Brook trout and landlocked Atlantic salmon fishing on Pierce Pond, Pierce Pond Township, Maine (May 25 and 26, 2015)

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Click here for details on the first two days of this awesome trip.

 

Day 3: Monday May 25, 2015

 

Lower Pierce Pond looks gorgeous in the early-morning light

Lower Pierce Pond looks gorgeous in the early-morning light

My alarm goes off at 4:30 am, beckoning me out of bed for another morning troll. I wake up Salvy, who is a trooper this year by deciding to join me at this ungodly hour. Incidentally, we dress up almost like we’re going ice-fishing. The outside temperature is in the low to mid 40’s. We need to seriously layer up because we’re still half asleep, haven’t had breakfast yet or drank any hot beverages (and the Jägermeister shots are dispensed AFTER breakfast, not before!!) and are going to sit motionless in a small boat on a cold lake for the next two hours. We leave the dock at 5 am. The sky is completely overcast but it is fortunately wind still. I cherish these early mornings with my nephew: it gives us a chance to talk about our work, our families, our future plans. But we’re also here for business! We both use two rods: one is connected to a small portable downrigger attached to the side of my boat, while the other consists of a lead core line. Each rod is also fishing two different lures, with the back lure connected to the hook of the front lure by about two ft of monofilament. The down rigger rod uses two spoons (typically some kind of Mooselook and DB smelt) and the lead core rod uses two streamer flies (a combination of the Grey Ghost, Governor Aiken, or Winnipesaukee Smelt). This approach puts a total of eight lures in the water anywhere from 5 ft to 15 ft deep and allows us to cover a lot of terrain. Note that I don’t put the streamer flies on the down rigger. Instead, I like to fish these lures using my lead core line because I can hold the rod and constantly move (“rip”) the line back and forth to provide action and erratic movement to the flies. The spoons, on the other hand, provide their own twisting movement, even when dragged along attached to a 5-lb lead weight. My rod connected to the downrigger starts shaking 20 minutes into the troll. I set the hook and bring in a baby 14” salmon. That, unfortunately, is the only action we see until our return at the dock by 7 am. But at least I won’t be skunked today!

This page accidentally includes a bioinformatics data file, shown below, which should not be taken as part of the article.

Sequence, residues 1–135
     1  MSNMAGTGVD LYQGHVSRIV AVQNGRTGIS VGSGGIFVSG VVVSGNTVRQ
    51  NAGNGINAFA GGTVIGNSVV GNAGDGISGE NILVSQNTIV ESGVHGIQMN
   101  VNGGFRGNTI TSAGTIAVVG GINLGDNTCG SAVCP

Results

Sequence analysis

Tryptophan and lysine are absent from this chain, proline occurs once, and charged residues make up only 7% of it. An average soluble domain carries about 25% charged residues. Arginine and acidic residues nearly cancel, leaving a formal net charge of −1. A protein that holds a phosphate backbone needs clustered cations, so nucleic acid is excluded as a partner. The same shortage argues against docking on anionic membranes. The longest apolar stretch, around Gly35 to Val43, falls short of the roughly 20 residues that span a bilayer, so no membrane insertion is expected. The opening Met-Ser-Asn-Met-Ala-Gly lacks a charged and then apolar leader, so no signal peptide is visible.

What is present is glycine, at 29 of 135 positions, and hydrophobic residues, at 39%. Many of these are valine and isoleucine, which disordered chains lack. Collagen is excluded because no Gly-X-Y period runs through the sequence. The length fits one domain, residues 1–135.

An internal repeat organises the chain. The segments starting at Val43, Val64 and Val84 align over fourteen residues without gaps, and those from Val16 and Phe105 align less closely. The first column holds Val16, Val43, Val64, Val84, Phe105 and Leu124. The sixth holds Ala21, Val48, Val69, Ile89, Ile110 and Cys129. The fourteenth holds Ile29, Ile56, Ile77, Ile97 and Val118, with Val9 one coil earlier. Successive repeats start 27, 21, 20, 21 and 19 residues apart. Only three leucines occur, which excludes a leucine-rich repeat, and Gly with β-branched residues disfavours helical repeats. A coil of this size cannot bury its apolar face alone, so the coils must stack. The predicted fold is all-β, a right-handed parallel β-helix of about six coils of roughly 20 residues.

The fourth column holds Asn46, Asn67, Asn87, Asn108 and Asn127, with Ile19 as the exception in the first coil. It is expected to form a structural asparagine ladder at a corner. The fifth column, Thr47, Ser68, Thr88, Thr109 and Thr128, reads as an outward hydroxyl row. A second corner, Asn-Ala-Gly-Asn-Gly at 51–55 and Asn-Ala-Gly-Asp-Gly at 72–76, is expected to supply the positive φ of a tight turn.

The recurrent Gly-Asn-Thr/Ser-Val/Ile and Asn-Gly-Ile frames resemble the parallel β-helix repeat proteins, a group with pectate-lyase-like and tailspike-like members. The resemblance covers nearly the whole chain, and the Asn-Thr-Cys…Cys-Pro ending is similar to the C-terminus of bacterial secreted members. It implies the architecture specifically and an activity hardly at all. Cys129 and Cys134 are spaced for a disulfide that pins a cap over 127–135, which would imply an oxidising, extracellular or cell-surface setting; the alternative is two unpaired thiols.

Off to Upper Pierce Pond for the afternoon

Off to Upper Pierce Pond for the afternoon

 

 

Joel, Salvy and I motor away at 9:15 am after picking up our lunch sandwiches from the kitchen and downing our daily good-luck ration of Jägermeister and Red Bull. Jim is feeling better this morning but decides not to push his luck. He’s going to spend the morning at camp to make sure that he is fully recovered from his intestinal bug. The three of us start our day on Pickerel Pond in the hope of catching one of the legendary brook trout that live in there (click here for details). We fish our hearts out for about 2.5 hours using little streamer flies cast with floating lines towards submerged structure along the shoreline. All that effort yields eight … freakin’ pickerel!! We leave the pond disappointed and return to camp to have lunch and pick up Jim for the afternoon. Jim will fish with Salvy and I’ll fish with Joel. The wind, while not as awful as the last two days, is still strong and persistent. We motor to Upper Pierce Pond because we haven’t been up there since our arrival on Saturday. Our first stop is at Brandy Reef, which is a sunken island at the upper end of Upper Pierce Pond. The water on top of the reef is no more than 1 ft deep, but the water around this structure is 15-20 ft deep. If conditions are right, mayflies emerge from the sandy bottom on the reef and are blown off the reef into the deeper surrounding water where the brookies and landlocks are patrolling for a quick snack.  We see neither mayfly hatches nor rises, and the wind is too stiff to cast properly.

 

This landlocked salmon could just as well have been caught by Joel!

This landlocked salmon could just as well have been caught by Joel!